Electronic Arts has launched Origin, it’s own digital download service, in competition with Steam, Big Fish Games, and soon, Apple’s and Google’s app marketplaces.
Players can purchase games via a retail shopping cart (similar to Amazon) or digitally download games to their PC device. When you digitally download an EA game, you also download the Origin client, which allows you to play your purchased game on any PC and offers automatic updates. Basically, it’s just like Steam.
Where EA has taken it to the next level is with plans to offer a mobile component as well. Right now, you can only download Scrabble and it’s only for iOS devices which is pointless (I can’t imagine a world where EA builds a better mousetrap than Apple’s iTunes Store). Nonetheless, we speculated that this would be Valve’s next step with Steam and it looks like EA beat them, albeit slightly, to the punch.
Is this the end of retail as we know it?
In the short term, no. EA is releasing limited editions of its major franchises on Origin, including Battlefield 3, FIFA 12, and soon, Star Wars: The Old Republic.
But it’s offering the games at the same price as retail, so as not to disrupt its huge retail channel business.
This is smart politics but the fact is, the retail business for games is as dead as a Tyrannosaurus Rex staring at the sky at the meteor dropping its way. In this case, the meteor is digital downloads.
Aside from making a Walmart executive happy, there is no reason a game that sells at retail for $50 should cost and be priced the same online, because your distribution costs are significantly less.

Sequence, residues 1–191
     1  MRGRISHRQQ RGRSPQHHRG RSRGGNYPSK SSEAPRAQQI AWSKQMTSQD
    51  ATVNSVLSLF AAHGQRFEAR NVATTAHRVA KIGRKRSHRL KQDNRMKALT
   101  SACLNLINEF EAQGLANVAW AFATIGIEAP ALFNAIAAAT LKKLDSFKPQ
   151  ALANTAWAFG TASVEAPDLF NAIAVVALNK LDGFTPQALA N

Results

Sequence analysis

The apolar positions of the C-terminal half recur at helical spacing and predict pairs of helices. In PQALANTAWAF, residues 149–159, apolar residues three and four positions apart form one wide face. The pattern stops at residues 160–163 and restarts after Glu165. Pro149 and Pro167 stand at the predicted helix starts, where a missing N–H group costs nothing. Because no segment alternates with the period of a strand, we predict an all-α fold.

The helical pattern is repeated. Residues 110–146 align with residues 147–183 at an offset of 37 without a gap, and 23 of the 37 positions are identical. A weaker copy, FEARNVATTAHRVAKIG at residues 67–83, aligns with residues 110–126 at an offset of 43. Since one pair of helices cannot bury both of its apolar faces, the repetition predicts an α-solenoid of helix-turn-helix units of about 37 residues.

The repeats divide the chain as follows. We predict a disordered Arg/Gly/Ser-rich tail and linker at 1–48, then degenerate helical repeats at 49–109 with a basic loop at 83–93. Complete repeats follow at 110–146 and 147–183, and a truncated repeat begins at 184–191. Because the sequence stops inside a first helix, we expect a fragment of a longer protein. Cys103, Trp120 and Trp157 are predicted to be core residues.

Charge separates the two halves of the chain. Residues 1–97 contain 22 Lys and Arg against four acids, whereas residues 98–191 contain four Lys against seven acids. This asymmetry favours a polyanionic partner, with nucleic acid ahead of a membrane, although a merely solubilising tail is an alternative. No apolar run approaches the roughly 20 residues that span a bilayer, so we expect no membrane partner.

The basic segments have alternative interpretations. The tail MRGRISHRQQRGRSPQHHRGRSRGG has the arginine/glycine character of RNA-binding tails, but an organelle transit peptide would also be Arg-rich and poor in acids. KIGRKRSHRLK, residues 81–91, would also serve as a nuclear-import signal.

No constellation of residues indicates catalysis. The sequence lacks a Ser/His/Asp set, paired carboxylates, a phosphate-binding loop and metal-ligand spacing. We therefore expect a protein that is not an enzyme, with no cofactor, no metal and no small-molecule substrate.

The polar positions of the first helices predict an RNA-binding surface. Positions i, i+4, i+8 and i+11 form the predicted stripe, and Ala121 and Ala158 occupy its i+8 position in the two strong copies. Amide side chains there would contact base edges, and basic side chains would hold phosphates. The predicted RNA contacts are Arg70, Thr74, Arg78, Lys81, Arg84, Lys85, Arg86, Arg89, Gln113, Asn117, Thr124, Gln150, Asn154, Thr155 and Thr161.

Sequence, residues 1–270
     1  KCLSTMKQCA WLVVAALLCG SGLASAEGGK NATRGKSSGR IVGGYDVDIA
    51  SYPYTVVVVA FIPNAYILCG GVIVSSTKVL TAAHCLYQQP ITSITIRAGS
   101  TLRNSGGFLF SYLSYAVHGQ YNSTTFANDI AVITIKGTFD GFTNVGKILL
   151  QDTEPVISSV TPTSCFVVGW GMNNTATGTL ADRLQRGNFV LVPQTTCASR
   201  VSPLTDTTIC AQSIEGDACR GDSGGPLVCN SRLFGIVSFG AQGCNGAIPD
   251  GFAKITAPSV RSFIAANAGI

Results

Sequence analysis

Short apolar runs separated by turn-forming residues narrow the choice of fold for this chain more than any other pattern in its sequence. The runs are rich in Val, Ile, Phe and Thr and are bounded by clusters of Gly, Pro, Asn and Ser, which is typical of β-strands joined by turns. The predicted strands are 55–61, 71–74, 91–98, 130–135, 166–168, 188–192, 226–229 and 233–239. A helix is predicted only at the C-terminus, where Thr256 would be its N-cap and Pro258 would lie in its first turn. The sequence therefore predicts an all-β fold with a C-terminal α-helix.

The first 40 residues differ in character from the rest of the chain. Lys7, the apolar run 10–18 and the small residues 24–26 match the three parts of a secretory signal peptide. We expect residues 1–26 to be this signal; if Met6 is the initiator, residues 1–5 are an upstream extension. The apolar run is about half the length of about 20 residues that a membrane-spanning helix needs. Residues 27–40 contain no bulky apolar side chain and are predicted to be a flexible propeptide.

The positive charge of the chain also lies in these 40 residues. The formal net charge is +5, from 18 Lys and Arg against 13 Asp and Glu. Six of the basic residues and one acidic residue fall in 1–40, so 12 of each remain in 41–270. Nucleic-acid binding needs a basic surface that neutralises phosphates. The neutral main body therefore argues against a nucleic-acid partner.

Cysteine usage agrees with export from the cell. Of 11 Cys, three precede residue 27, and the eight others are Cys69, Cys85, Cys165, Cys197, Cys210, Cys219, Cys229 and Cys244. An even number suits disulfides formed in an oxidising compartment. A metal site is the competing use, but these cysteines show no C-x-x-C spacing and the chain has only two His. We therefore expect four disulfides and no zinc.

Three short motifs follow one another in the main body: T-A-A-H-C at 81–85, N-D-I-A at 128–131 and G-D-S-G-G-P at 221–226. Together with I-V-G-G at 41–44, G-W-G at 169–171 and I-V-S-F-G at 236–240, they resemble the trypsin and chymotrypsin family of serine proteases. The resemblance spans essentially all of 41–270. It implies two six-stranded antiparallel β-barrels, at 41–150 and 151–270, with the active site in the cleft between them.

If EA keeps the prices the same online in Origin as at retail, Origin the download product will die a death similar to Origin the games studio, which EA bought in the past.
Given the amount of thought and features in the product, however, I think this is EA’s acknowledgement that though they rule the retail world today, unless they change, they will be obsolete in the future. Prices may be the same online and at retail today, but EA slowly will introduce discounts, push marketing budget from retail to Origin, exclusively release new game franchises online only, until they can transition their business to online only.
In the long term, retail for games is a dead business, no matter what EA does.
EA has the resources to win at digital downloads, as well as iOS and Android apps, social, and Facebook. The question is: do they have the gumption to risk their current businesses to survive and win the future?
Origin is a good first step, but EA needs to take a giant leap for this to be as big a deal as the press release suggest.
More info: Gamasutra